At her second public appearance as New York state governor, Kathy Hochul issued a universal mask-mandate for anyone entering school buildings and ordered all school personnel to get vaccinated or undergo weekly COVID-19 testing to knock down increasing cases of the coronavirus’ delta variant.
Hochul was sworn in as New York’s 57th—and first woman—governor at midnight on Tuesday two weeks after her predecessor former Governor Andrew Cuomo resigned in disgrace in the wake of a bombshell report finding that he sexually harassed 11 women.
During her second address to New Yorkers, Hochul promised swift action against problems facing the state, mainly, squashing the spread of the more aggressive delta variant and increasing vaccination rates among state residents.
“Priority number one: we get children back to school and protect the environment so they can learn and everyone is safe,” said Hochul, adding that for months she has been consulting with parents, teachers, superintendents, and school board members about the upcoming return to classrooms. “ We need to require vaccinations for all school personnel with the option to test out weekly. At least for now.”
New York State United Teachers, an umbrella organization for roughly 900 unions across the state, seems to be on board with the governor’s school-related proposals.
“Gov. Kathy Hochul brings a breath of fresh air to Albany, and she already is taking decisive action to bolster health and safety in our schools. We support universal mask-wearing as part of a layered mitigation strategy that also includes robust COVID testing, contract tracing, proper ventilation and other strategies recommended by public health experts,” said NYSUT President Andy Pallotta. “We also support the governor’s move to require regular COVID testing for school staff who are not yet vaccinated. It’s critical that educators continue to have a voice in the implementation of vaccine requirements and other COVID policies at the local level.”
In addition, Hochul revealed that her administration plans on launching a COVID-19 testing program to make testing for “students and staff widely available and convenient” as another means of mitigating the spread of the delta variant.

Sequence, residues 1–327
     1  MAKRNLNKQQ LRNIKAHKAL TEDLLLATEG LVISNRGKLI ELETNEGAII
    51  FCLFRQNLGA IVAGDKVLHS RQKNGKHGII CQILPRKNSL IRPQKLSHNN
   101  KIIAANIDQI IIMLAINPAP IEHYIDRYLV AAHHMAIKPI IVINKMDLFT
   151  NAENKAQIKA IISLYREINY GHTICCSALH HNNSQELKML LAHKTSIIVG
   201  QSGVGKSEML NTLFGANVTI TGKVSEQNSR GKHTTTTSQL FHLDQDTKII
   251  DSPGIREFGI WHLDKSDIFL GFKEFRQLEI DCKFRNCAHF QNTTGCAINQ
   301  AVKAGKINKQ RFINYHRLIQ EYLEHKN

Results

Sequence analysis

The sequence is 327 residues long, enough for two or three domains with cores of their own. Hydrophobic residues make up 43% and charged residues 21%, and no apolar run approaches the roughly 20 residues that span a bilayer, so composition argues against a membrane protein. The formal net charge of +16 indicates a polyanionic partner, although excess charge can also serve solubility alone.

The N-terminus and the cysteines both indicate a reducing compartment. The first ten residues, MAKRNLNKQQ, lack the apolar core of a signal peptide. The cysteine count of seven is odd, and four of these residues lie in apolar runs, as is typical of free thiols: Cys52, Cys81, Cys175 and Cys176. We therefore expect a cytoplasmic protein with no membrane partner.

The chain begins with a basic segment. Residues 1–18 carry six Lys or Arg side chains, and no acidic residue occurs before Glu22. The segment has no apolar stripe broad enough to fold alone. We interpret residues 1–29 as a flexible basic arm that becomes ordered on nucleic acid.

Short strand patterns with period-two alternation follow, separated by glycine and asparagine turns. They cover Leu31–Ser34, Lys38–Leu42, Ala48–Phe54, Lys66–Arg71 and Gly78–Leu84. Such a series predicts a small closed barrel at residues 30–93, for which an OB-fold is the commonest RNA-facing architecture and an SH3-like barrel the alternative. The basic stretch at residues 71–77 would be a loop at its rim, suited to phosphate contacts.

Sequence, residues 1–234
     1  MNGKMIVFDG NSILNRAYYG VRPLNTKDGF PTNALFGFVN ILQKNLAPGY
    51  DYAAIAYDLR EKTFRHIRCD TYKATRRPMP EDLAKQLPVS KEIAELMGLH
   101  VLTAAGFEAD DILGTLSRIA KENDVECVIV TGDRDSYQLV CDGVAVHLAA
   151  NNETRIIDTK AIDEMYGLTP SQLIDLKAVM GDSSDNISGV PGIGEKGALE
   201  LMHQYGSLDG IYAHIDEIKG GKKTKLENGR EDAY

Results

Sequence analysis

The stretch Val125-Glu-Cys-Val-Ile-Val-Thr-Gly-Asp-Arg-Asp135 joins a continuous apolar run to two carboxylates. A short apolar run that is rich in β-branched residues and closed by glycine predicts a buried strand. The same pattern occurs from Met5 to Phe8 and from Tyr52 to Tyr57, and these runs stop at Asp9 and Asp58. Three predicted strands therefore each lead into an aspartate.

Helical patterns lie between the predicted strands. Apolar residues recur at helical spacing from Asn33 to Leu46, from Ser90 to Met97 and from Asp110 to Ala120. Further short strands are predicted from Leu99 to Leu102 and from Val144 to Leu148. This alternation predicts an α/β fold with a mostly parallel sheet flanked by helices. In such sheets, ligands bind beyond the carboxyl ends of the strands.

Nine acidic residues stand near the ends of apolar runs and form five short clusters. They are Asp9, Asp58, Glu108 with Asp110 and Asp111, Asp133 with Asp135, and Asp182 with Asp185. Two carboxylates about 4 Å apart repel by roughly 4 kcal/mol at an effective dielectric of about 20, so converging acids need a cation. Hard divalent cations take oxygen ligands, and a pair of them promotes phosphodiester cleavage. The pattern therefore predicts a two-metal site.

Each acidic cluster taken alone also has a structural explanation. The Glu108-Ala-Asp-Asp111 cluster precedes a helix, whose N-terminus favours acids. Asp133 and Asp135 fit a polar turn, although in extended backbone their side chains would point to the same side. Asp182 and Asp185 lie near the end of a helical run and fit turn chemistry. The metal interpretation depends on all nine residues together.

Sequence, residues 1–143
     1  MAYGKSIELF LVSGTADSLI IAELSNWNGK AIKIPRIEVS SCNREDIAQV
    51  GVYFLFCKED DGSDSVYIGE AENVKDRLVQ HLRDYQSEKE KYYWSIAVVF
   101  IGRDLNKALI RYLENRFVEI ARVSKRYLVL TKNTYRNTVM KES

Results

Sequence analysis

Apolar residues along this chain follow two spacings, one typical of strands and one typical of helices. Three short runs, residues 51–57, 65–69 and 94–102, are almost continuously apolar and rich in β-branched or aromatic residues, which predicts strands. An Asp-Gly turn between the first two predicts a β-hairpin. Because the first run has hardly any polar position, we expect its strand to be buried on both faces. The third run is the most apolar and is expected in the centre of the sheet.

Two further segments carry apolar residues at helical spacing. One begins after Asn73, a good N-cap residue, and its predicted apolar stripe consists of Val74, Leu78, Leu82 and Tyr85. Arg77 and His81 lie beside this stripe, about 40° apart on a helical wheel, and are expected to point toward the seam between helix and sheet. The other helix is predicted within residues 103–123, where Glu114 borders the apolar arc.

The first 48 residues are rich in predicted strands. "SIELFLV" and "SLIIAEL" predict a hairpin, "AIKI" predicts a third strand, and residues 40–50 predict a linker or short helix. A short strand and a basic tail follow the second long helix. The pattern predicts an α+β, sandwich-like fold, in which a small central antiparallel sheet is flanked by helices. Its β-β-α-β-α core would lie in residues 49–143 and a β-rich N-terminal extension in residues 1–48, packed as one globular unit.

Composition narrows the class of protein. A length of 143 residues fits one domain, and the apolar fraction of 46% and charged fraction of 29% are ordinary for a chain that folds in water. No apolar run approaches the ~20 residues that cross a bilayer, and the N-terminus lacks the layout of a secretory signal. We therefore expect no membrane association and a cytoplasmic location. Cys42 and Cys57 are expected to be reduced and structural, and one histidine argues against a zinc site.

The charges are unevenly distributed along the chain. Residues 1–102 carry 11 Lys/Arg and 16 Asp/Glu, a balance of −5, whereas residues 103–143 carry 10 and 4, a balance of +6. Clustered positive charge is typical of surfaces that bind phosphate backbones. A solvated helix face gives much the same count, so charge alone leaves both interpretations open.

Details on a statewide testing policy for school districts will be announced later this week, Hochul promised. “We need partnerships with all levels of government and I’m working now on getting this done,” Hochul added.
The order comes a day after the United States Food and Drug Administration granted the Pfizer-BioNTech COVID-19 vaccine full approval for use on people 16 years of age and older which some officials hope will boost confidence in the vaccine making it easier for institutions and employers to issue vaccine mandates.
The full approval replaces the Pfizer-BioNtech COVID-19 vaccine FDA’s previous emergency use authorization.
On Monday, New York City Mayor Bill de Blasio announced that all Department of Education employees including teachers and principals must get at least one dose of the vaccine by Sept 27, in order to lower the chances of delta spreading in schools in the fall. Between 70 and 80% of all New York City public school teachers and principals have received at least one dose of a COVID-19 vaccine, according to City officials.
The move placed New York City in the ranks of Chicago and Los Angeles which have also issued vaccine mandates for public school staff.